Middle Irish edit

Etymology edit

From Old Irish do·beir.

Pronunciation edit

Verb edit

do·beir (prototonic ·tabair, verbal noun tabairt)

  1. to bring, take
    • c. 1000, Anonymous, published in (1935) Rudolf Thurneysen, editor, Scéla Mucca Meic Dathó (in Middle Irish), Dublin: Staionery Office, § 1, l. 13–14, page 2:In fer no·t⟨h⟩ēged iarsint ṡligi do·bered in n-aēl isin coiri, ocus a·taibred din chētgabāil, iss ed no·ithed. Mani·tucad immurgu ní din chéttadall ni·bered a n-aill.Each man who came along the passage would put the flesh-fork into the cauldron, and whatever he took at the first grabbing, it was that which he ate. If, however, he did not take anything at (literally from) his first thrust, he did not bring the second.
  2. to give
  3. to place, put
    • c. 1000, Anonymous, published in (1935) Rudolf Thurneysen, editor, Scéla Mucca Meic Dathó (in Middle Irish), Dublin: Staionery Office, § 1, l. 13, page 2:In fer no·t⟨h⟩ēged iarsint ṡligi do·bered in n-aēl isin coiri, ocus a·taibred din chētgabāil, iss ed no·ithed.Each man who came along the passage would put the flesh-fork into the cauldron, and whatever he brought (out) at the first taking, it was that which he ate. (literally, “The man who…”)

Conjugation edit

  • Third-person singular imperfect indicative deuterotonic: do·bered
  • Third-person singular past subjunctive prototonic: ·taibred

Perfective forms derived from do·uic (bring)

  • Third-person singular imperfect indicative prototonic: ·tucad

Descendants edit

  • Irish: bheir, tabhair
  • Manx: ver, toyr
  • Scottish Gaelic: bheir, tabhair, thoir

Mutation edit

Middle Irish mutation
Radical Lenition Nasalization
do·beir do·beir
pronounced with /-β(ʲ)-/
do·mbeir
Note: Some of these forms may be hypothetical. Not every
possible mutated form of every word actually occurs.

Further reading edit

Old Irish edit

Etymology edit

From to- +‎ beirid.

The perfective form do·rat is from to- +‎ ro- +‎ ad- + Proto-Celtic *dāti, from Proto-Indo-European *déh₃t (to give).[1]

The perfective form do·uic is originally a causative to make something arrive of do·icc (to come).[2] These forms may become conflated with the unrelated verb do·ucai (to understand) and in some contexts it may be unclear which of the two verbs is intended.

Pronunciation edit

Verb edit

do·beir (prototonic ·tabair, verbal noun tabairt)

  1. to bring
    • c. 850-875, Turin Glosses and Scholia on St Mark, published in Thesaurus Palaeohibernicus (reprinted 1987, Dublin Institute for Advanced Studies), edited and with translations by Whitley Stokes and John Strachan, vol. I, pp. 484–94, Tur. 110c
      Ba bés leusom do·bertis dá boc leu dochum tempuil, ⁊ no·léicthe indala n‑ái fon díthrub co pecad in popuil, ⁊ do·bertis maldachta foir, ⁊ n⟨o⟩·oircthe didiu and ó popul tar cenn a pecthae ind aile.
      It was a custom with them that two he-goats were brought by them to the temple, and one of the two of them was let go to the wilderness with the sin of the people, and curses were put upon him, and thereupon the other was slain there by the people for their sins.
  2. to give
    • c. 800, Würzburg Glosses on the Pauline Epistles, published in Thesaurus Palaeohibernicus (reprinted 1987, Dublin Institute for Advanced Studies), edited and with translations by Whitley Stokes and John Strachan, vol. I, pp. 499–712, Wb. 13b15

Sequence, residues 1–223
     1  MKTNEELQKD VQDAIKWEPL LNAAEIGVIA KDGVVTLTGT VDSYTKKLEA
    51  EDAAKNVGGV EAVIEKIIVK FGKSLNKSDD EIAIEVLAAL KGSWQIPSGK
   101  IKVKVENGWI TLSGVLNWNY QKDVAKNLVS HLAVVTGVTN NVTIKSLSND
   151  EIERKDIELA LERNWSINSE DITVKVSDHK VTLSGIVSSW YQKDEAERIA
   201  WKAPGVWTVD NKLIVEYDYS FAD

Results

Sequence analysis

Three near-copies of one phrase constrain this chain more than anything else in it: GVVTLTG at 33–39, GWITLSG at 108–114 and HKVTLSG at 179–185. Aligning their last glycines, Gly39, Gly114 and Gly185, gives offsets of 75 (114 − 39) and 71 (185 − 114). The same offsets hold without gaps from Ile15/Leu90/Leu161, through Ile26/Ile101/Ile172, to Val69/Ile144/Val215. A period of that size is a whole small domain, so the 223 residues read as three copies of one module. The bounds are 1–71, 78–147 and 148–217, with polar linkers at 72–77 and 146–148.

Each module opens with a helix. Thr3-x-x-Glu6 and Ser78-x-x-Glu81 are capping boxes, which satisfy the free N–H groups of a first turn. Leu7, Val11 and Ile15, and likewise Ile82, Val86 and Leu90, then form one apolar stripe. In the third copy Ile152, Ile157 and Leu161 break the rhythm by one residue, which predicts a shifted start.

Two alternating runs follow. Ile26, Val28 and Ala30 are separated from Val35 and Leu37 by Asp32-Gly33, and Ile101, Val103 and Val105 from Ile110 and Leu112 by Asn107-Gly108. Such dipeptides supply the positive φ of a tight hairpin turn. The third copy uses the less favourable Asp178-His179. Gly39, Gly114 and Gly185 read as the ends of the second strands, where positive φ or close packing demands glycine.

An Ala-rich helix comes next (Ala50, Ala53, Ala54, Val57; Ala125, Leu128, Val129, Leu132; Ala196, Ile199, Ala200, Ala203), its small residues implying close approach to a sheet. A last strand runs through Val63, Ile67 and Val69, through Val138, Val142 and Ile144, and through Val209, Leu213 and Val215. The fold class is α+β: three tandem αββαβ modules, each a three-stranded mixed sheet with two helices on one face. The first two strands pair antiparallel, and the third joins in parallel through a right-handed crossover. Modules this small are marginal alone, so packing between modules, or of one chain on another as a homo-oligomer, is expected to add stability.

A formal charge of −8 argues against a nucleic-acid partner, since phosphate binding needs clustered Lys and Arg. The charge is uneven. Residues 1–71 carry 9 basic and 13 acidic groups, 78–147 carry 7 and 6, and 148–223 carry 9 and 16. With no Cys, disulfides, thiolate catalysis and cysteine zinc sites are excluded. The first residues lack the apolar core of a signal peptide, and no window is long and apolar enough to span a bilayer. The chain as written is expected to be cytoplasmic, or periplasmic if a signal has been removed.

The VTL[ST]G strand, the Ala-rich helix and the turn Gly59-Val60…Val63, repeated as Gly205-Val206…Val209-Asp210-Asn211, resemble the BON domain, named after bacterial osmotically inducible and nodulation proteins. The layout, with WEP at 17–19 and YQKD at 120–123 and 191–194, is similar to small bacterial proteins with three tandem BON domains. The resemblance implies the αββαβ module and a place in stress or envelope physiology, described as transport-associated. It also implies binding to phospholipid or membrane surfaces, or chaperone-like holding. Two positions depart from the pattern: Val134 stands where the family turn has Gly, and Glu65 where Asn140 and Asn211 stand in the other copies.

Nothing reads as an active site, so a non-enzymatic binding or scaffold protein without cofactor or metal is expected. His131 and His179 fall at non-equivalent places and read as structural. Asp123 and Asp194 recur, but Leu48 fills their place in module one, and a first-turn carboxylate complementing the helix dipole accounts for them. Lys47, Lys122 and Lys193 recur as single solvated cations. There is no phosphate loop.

Is gúḟorcell do·beram do Día amal ṡodin.
      It is false testimony that we give to God in that case.
  3. to place, put
    • c. 845, St Gall Glosses on Priscian, published in Thesaurus Palaeohibernicus (reprinted 1975, Dublin Institute for Advanced Studies), edited and with translations by Whitley Stokes and John Strachan, vol. II, pp. 49–224, Sg. 63a17
      Amal nád ṅdéni neutur dindí as Tiberis cía do·berthar flumen friss, síc ní déni neutur dindí as Suthul ci ad·comaltar oppidum friss.
      As it does not make a neuter of [that which is] Tiberis that flumen is put with it, so it does not make a neuter of [that which is] Suthul, that oppidum is conjoined to it.
  4. to inflict (punishment)
    • c. 800–825, Diarmait, Milan Glosses on the Psalms, published in Thesaurus Palaeohibernicus (reprinted 1987, Dublin Institute for Advanced Studies), edited and with translations by Whitley Stokes and John Strachan, vol. I, pp. 7–483, Ml. 42a4
      Ní·guid dígail du thabairt foraib, acht corru·anat inna arrad.
      He prays not that punishment should be inflicted on them, but that they may remain in his company.

For more quotations using this term, see Citations:dobeir.

Conjugation edit

Perfective forms derived from do·rat ("give, put")
Perfective forms derived from do·uic ("bring")

Derived terms edit

Descendants edit

Mutation edit

Old Irish mutation
Radical Lenition Nasalization
do·beir do·beir
pronounced with /-β(ʲ)-/
do·mbeir
Note: Some of these forms may be hypothetical. Not every
possible mutated form of every word actually occurs.

References edit

  1. ^ Schumacher, Stefan, Schulze-Thulin, Britta (2004) “Urinselkelt. *dā- 'geben'”, in Die keltischen Primärverben: ein vergleichendes, etymologisches und morphologisches Lexikon [The Celtic Primary Verbs: A comparative, etymological and morphological lexicon] (Innsbrucker Beiträge zur Sprachwissenschaft; 110) (in German), Innsbruck: Institut für Sprachen und Literaturen der Universität Innsbruck, →ISBN, page 265
  2. ^ Rix, Helmut, editor (2001), “*h₂nek̑-”, in Lexikon der indogermanischen Verben [Lexicon of Indo-European Verbs] (in German), 2nd edition, Wiesbaden: Dr. Ludwig Reichert Verlag, →ISBN, pages 282-84

Further reading edit